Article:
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Dodd Mead & Co., NY, 1938. Second Printing (November, 1938) stated. With numerous line drawings by "alajalov", many full page. Gray cloth, dyed top-edge, decorative purple end-papers, illustrated orange front cover, deckled pages, orange letters. Minor spine bumping, hd & ft, corners sharp. Previous seller's price, top corner of 2nd free fly, in pencil. No other markings. Pages are crisp & white. Dyed top-edge has sun-fade; dark blemish at mid-edge. Book is tightly bound. DJ is chipped and torn, mainly at head & foot, along edges. Spine is sun-faded. Publisher's original price of $2.00, top of front flap. In a protective sleeve. 168 pages.
Second book by the actress, humorist and playwright.
Cornelia Otis Skinner (May 30, 1899 – July 9, 1979) was an American author, actress playwright and humorist. Skinner was the daughter of the actor Otis Skinner and his wife, Maud Durbin.
After attending the all-girls' Baldwin School and Bryn Mawr College (1918–1919) and studying theater at the Sorbonne in Paris, she began her career on the stage in 1921. She appeared in several plays before embarking on a tour of the United States from 1926 to 1929 in a one-woman performance of short character sketches she herself wrote. She wrote numerous short humorous pieces for publications like The New Yorker. These pieces were eventually compiled into a series of books, including "Nuts in May", "Dithers and Jitters", "Excuse It Please!", and "The Ape in Me", among others.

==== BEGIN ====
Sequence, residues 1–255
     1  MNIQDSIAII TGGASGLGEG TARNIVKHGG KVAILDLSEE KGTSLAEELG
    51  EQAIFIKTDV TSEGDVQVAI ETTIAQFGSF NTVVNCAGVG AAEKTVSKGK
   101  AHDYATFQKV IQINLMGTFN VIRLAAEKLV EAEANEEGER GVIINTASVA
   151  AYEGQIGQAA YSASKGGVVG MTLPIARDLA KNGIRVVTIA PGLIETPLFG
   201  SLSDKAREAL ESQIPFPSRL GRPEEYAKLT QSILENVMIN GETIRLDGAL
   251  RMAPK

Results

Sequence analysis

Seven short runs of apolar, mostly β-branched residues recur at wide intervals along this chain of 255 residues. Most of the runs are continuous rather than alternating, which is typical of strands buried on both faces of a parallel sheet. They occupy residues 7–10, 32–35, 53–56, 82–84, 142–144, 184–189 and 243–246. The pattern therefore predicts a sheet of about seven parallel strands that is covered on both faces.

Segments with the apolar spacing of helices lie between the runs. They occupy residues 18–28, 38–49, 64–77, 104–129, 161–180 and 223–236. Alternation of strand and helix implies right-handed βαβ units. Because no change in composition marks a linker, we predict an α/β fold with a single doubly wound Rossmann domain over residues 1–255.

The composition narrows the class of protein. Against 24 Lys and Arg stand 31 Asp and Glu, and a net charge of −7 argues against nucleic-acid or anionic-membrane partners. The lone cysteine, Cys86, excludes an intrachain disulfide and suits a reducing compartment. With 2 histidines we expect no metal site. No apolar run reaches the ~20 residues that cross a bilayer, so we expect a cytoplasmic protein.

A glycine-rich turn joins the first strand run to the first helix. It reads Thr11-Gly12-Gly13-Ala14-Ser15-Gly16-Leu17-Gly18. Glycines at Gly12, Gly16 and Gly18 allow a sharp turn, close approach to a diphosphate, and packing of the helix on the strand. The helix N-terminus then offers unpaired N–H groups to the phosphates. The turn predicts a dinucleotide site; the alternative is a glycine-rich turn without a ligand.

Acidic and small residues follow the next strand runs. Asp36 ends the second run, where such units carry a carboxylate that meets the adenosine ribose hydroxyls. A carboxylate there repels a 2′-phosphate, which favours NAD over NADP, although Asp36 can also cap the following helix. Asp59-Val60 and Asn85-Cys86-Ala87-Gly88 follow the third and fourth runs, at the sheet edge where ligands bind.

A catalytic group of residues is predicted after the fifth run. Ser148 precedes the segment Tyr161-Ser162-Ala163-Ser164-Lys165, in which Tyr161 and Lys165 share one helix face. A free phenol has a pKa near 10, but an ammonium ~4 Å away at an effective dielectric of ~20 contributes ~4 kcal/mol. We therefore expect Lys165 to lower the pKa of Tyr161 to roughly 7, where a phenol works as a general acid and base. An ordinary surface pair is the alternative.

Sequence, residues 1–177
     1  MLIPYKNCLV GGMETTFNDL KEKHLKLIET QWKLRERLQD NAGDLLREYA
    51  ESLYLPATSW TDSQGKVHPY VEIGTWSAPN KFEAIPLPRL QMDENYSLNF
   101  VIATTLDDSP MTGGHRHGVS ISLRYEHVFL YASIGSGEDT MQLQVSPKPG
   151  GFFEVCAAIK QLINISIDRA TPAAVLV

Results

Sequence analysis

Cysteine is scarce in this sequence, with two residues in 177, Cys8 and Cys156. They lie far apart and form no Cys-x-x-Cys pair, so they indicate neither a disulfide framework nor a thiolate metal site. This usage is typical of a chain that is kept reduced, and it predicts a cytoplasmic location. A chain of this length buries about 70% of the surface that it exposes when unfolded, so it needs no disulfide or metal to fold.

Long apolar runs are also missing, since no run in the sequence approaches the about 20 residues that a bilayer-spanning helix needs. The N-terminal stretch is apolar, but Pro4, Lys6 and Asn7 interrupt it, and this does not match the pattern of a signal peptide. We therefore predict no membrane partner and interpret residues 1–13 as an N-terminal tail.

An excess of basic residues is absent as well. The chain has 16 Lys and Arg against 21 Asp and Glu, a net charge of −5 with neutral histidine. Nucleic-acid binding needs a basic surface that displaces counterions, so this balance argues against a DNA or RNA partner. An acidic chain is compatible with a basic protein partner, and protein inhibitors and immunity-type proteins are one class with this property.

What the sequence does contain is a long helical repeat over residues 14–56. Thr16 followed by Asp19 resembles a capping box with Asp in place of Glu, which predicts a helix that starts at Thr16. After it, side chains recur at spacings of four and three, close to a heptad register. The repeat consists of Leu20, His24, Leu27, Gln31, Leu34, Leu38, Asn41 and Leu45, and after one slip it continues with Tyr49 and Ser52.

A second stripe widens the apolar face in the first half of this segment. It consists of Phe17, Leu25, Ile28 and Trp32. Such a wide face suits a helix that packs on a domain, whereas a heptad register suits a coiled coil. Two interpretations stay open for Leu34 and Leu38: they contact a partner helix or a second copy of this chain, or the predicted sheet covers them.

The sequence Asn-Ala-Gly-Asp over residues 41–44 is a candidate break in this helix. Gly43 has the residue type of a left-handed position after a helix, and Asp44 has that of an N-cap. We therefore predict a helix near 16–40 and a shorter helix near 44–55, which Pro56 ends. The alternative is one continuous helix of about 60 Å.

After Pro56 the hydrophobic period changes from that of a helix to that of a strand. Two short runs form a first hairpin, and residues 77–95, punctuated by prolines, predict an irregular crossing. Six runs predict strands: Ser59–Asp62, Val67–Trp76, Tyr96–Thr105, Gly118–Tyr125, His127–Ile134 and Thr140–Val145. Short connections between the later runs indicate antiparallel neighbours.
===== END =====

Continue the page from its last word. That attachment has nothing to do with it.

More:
With Emily Kimbrough, she wrote "Our Hearts Were Young and Gay", a lighthearted description of their European tour after college. Kimbrough and Skinner went to Hollywood to act as consultants on the film version of the book, which resulted in the film of the same name, which starred Gail Russell playing Skinner. In 1952, her one-woman show "Paris '90" (music and lyrics by Kay Swift) premiered on Broadway. In later years Skinner wrote "Madame Sarah", (a biography of Sarah Bernhardt) and "Elegant Wits and Grand Horizontals" about the Belle Epoque.
As an actress, Skinner had major roles in "Kismet" (1920), "The Uninvited" (1944), "The Girl In The Red Velvet Swing" (1955), and "The Swimmer" (1968), among others. As a playwright, she is most remembered for "The Pleasure of His Company", which was made into a 1961 comedy film starring Fred Astaire and Debbie Reynolds, directed by George Seaton and released by Paramount Pictures.